Time Wheel

This article was originally published in the Kathmandu Post (2005-05-18)

Politics of wheel


Prime Minister Time Wheel, 2004 I Etching with Mixed Media I 43x42cm I Collection – Prime Minister Office, Nepal

The walls of Sangita Thapa’s Siddhartha Art Gallery at Babarmahal Revisited have become vertical stage to me. Over the year I have watched the Nepali times, the somersaults of this nation’s history staged on these non-descript walls. After the drama of Nepali violent history presented almost in a neo-realist style by Durga Baral last winter on these walls, a series of drawings, etching and mixed media works executed by artist Ragini Upadhyaya Grela titled “Time Wheel” representing political times are on display at the moment. Siddhartha gallery has become a next Gurukul where the drama of politics and the spectres created by Nepali power games are staged time and again. Incidentally, Ragini’s exhibition was opened with the performance of a short silent play about time by the Gurukul artists. Saugat Malla’s powerful body theatre presented the drama of time that surges ahead leaving those who can or can not grab it behind.

An overtly political drama if it is hung on the walls of the gallery of art becomes a cliché, evoking banality and creating déjà vu effect. Conspicuous walls in the metropolitan areas become the stage especially when the times in the national history become turbulent. Demonstrators, political activists, rebels and propagandists use the walls to stage their different versions of drama in the forms of posters, wall scribbles, drawings and sometimes just colours. But the walls of a regular art gallery hang more structured images and icons of political history. Ragini’s drawings and intaglio works have brought new power and new condition of watching the subtleties of Nepali politics on the wall-stage of Siddhartha gallery at the moment. At this exhibition of the works, great number of which are already sold out, the artist Ragini Upadhyaya Grela wearing long vertical tika of a serious yogin on her forehead escorts the visitors giving eloquent speech about the themes of her works. I try my best to avoid her interpretation and concentrate on her works because there is a great gap and a necessary one between her theorising which sounds sometimes banal, and her strong and charming works that hang on both the upper and lower floors of Siddhartha.

Ragini theorises that time is evanescent; those people who were there in the past are no longer there today and we too will go away one day. These places will continue to exist and we will not be there. Time is mightier than all of us. That is her linear theory about time. An artist does not have to be a Bergeson, a Nietzsche, a Balakrishna Sama or a Michel Foucault to talk about the intricacies of the times. The artist has her/his way of looking into the philosophical questions. The most important trajectory that an artist follows to get into a philosophical world is created through mythology. But what an artist does through the medium of her works is beyond the capacity of many philosophers.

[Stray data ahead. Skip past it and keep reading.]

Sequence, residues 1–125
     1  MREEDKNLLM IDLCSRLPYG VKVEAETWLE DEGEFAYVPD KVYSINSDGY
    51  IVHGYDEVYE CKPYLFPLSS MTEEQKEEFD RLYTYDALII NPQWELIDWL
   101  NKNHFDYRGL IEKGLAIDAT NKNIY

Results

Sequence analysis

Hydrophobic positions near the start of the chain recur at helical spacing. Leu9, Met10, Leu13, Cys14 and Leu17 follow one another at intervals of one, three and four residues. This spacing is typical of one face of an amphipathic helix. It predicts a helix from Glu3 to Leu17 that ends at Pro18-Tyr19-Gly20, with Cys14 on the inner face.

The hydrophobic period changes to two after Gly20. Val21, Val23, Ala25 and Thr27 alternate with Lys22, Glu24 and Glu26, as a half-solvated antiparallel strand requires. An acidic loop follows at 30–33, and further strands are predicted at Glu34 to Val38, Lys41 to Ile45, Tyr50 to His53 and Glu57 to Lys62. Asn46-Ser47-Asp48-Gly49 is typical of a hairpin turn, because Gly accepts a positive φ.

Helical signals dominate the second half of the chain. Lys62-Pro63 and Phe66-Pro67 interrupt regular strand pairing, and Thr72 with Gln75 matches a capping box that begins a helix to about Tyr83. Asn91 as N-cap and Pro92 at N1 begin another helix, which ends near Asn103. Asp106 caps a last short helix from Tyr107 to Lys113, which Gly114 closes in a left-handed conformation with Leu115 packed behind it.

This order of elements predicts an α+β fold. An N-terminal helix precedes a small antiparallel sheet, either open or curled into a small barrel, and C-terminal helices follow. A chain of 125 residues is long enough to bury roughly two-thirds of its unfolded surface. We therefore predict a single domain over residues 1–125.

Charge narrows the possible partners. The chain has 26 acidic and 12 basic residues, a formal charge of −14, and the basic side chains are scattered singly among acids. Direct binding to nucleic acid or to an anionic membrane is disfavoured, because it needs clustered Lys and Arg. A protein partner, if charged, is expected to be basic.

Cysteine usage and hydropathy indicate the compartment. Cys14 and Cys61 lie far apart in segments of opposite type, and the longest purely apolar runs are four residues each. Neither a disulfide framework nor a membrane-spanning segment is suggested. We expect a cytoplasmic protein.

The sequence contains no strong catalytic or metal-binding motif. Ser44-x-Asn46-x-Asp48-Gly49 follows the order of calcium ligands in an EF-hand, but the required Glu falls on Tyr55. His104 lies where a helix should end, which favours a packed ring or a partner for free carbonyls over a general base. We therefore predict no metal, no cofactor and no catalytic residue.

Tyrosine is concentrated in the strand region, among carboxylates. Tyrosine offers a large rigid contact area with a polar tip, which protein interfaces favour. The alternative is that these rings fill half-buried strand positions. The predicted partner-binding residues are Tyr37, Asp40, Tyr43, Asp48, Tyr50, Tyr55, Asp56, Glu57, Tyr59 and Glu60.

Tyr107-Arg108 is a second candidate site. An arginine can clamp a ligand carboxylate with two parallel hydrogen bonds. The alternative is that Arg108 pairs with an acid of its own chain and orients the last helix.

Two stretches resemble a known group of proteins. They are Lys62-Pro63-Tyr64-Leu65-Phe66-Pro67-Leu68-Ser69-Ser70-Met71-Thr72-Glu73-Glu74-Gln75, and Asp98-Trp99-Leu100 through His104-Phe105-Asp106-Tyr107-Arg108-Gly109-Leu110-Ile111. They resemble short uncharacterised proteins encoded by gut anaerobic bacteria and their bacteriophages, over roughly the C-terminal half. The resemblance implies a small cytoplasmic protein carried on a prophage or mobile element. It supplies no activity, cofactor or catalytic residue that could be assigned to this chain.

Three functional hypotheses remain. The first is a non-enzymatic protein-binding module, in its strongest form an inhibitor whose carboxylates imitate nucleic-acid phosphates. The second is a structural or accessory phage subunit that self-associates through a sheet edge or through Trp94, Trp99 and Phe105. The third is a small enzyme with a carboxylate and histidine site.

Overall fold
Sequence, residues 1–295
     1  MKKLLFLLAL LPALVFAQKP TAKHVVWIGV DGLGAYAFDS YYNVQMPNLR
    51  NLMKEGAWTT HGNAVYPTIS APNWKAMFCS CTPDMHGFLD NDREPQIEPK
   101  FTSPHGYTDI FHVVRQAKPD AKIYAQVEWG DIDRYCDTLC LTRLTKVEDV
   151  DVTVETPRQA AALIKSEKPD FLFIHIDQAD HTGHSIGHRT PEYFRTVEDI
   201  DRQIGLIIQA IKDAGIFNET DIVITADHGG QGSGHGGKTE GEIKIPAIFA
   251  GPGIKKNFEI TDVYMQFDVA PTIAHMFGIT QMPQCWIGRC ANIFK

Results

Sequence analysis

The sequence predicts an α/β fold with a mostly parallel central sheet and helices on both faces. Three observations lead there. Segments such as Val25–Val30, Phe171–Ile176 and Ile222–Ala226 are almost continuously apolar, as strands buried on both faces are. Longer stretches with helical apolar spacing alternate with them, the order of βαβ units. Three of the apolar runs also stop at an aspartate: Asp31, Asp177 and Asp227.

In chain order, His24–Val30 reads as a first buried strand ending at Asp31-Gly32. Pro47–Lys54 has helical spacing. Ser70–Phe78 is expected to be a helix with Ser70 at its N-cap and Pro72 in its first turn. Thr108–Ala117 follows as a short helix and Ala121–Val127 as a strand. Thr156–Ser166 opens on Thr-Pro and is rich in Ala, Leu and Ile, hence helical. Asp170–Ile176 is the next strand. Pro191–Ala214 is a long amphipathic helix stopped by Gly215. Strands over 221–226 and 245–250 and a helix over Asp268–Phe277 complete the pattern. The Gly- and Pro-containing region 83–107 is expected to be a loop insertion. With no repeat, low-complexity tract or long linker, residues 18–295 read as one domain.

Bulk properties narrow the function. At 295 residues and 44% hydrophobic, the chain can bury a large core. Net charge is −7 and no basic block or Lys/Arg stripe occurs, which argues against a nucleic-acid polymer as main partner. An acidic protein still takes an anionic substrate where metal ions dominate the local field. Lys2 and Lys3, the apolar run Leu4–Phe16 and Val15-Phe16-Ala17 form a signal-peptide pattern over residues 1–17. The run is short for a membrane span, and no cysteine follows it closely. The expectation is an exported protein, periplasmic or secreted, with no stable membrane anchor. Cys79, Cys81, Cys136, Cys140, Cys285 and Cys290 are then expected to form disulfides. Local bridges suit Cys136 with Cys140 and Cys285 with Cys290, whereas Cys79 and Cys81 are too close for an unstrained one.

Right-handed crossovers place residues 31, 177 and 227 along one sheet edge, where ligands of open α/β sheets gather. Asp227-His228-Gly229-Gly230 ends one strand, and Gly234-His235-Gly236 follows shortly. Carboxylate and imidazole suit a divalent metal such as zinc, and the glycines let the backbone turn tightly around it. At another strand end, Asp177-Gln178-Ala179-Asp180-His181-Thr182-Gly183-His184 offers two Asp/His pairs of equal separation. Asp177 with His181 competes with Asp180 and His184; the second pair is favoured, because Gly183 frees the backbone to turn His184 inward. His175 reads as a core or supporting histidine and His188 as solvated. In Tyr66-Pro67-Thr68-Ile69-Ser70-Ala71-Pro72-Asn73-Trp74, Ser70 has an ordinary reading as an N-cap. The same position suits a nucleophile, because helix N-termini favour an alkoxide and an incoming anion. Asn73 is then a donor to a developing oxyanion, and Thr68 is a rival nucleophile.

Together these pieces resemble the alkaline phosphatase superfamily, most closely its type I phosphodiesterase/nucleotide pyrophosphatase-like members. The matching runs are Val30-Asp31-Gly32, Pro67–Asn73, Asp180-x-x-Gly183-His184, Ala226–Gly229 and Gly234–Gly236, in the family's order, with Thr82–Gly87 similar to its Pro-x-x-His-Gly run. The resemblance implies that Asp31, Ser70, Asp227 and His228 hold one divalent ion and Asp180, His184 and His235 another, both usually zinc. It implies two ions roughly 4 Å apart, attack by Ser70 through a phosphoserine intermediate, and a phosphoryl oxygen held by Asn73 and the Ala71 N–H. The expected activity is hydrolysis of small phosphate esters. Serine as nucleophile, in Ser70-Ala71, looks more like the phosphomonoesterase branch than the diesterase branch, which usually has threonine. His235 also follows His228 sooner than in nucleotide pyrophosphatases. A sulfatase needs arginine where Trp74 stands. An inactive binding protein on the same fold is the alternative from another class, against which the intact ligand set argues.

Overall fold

Ragini combines politics, myth and love in each of her works. The images of Nepali politics from Damodar Pande to Sher Bahadur Deuba on the people’s front and the Shah monarchs on the royal front become part of Ragini’s historical philosophy as conjured through a system of mythology, and her works are strong and striking.

The concept of wheel in this exhibition is remarkably original. The wheel of time or the politics of wheel is the main metaphor. Ragini’s drawings and collage works create a circular concept of time. The clock-like circularity is created by the collage of Nepali power wielders’ photographs–from the monarchs of the Shah dynasty to the prime ministers that ends with Deuba in the circle. Ragini’s vision of the wheel is mytho-poetic. She finds the historical times as constructed history. Time without politics and persona is amorphous for her. But time measured with the people who have held power and created the Nepali times runs the risk of representing times that are not seen from the eyes of the common people. An artist’s responsibility is to open the possibility of viewing the times from fresh perspectives. To see time from the positions and durations spanned by the rule of the powerful persons is to create a politics of wheel power. Many power players have created such images of history. Now we have a tendency to deconstruct the concept of controlled times.

But the power of Ragini’s works lies in the very quality of the works. She is the best intaglio artist in Nepal who creates very subtle effects in her works. The minute details are taken care of. She paints and touches the etchings with love, life and colour. The drawings, etching and mixed media works on display at Sidhartha precisely show that. These works lure the viewers into the world of history, politics and myth by using the metaphor “wheel of time” which is the charming recreation of the myth that combines dreams with the sense of finality. But the love of life and continuity becomes stronger in these works because of the artist’s subtle treatment of subject through the use of lines, colours and figurality.

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